Home security automation done right – blog series

I’ve been putting some time into perfecting my smart home, documenting each area in it’s own blog post

Arlo, Hue, IFTTT, Stringify and Logic Apps – Home security automation done right pt1
[Link Pending blog post completion]
Selection of the right hardware component and software toolsets for the best smart home automation.

Smart Video archive with Arlo – Home security automation done right pt2
[Link Pending blog post completion]
Getting around the Arlo premium plan with your own Cloud, then opening up other opportunities for getting smart with the video.

Google Assistant broadcast api remotely – Home security automation done right pt3
Remotely issuing (broadcast) commands to the Google home assistant devices by API

Google Assistant broadcast api remotely – Home security automation done right pt3

I have 7 Google assistant devices in my house, I was an Amazon Echo fan early on but ran both side by side and went with Google. One of the things I use a lot on the Google devices is music playback from Spotify. It can synchronise playback on several or all of the devices using Speaker Groups.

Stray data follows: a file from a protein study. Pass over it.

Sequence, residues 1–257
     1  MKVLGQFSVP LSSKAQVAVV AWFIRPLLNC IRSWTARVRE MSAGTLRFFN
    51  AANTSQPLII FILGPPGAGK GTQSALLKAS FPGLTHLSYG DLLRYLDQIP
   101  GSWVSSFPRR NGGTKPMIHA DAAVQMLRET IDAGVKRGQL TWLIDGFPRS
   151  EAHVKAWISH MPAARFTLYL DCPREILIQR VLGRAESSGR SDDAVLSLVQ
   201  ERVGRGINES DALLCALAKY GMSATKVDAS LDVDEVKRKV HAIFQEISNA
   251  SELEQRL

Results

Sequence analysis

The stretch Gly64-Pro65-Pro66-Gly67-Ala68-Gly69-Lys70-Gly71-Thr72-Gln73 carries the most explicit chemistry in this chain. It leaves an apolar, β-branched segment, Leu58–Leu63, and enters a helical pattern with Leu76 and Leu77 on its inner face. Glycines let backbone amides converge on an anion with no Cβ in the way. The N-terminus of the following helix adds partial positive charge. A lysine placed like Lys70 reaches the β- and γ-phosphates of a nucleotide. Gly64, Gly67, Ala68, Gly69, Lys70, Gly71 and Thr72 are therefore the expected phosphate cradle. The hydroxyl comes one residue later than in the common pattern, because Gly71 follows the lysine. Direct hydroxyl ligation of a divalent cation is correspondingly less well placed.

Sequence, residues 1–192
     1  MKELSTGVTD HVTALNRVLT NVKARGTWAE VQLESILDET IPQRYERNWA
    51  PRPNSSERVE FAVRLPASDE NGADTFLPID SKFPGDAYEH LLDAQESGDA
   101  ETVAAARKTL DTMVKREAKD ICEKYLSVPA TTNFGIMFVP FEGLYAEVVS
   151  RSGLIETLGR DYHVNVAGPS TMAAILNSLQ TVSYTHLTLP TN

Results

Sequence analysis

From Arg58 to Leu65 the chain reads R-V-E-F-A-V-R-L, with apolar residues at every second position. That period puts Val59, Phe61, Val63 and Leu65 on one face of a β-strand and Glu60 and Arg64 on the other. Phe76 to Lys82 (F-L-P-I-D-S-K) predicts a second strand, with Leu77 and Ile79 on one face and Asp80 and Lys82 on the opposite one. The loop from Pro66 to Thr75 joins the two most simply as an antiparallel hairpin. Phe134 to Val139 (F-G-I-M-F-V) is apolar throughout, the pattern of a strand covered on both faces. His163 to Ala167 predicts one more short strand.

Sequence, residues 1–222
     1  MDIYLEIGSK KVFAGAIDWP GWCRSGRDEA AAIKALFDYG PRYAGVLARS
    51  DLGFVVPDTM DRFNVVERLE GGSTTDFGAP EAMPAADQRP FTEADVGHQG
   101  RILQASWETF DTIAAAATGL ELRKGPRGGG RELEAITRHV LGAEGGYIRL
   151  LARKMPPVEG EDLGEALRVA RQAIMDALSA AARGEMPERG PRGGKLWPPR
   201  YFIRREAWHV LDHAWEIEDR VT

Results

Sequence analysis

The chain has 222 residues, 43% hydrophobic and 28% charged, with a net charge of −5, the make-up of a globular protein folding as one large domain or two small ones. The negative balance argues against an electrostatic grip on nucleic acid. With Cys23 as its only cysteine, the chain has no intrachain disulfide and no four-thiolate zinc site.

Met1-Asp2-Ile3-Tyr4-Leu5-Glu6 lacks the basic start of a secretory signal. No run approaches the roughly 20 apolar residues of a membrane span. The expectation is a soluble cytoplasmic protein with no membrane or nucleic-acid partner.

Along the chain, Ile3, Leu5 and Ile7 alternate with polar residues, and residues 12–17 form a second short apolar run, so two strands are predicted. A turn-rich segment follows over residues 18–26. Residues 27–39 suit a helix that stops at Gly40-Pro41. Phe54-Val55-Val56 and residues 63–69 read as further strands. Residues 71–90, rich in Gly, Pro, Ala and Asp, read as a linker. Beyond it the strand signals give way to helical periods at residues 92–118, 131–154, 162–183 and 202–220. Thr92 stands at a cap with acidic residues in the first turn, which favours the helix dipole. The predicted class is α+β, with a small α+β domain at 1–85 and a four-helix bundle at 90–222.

The Problem

So the Google Assistant API doesn’t allow you to initiate commands. I want to initiate Spotify to play on several devices at a certain volume, automatically via API.

Eg. I can from my Google home device say “hey Google turn on all the lights” or remotely from my phone I can manually start a broadcast of “turn off all my lights”. What I’m unable to do it from a 3rd party system (eg Stringify or Logic Apps) is call the API and issue the commands.


There isn’t really many viable workarounds for this either, I’ve “googled” this one pretty hard. I think the best option is having a device positioned near a Google assistant that will play a recording of my voice issuing a command… Which isn’t ideal by any means, but does work.
However I do have the complications of choosing the right device that can be remotely initiated reliably for this specific purpose.


So focussing on the hardware constraint, I need something reliable and ideally something I already own that won’t cost a fortune to run. I happen to have a spare PAYG phone SIM card lying around in an old Windows Mobile 640 device – good enough.

I recorded my voice onto the device with an app in the Windows App store, set it as my text notification tone and sent it a text. The result, it worked great. However, although I don’t use this number much I still get odd texts from spammers.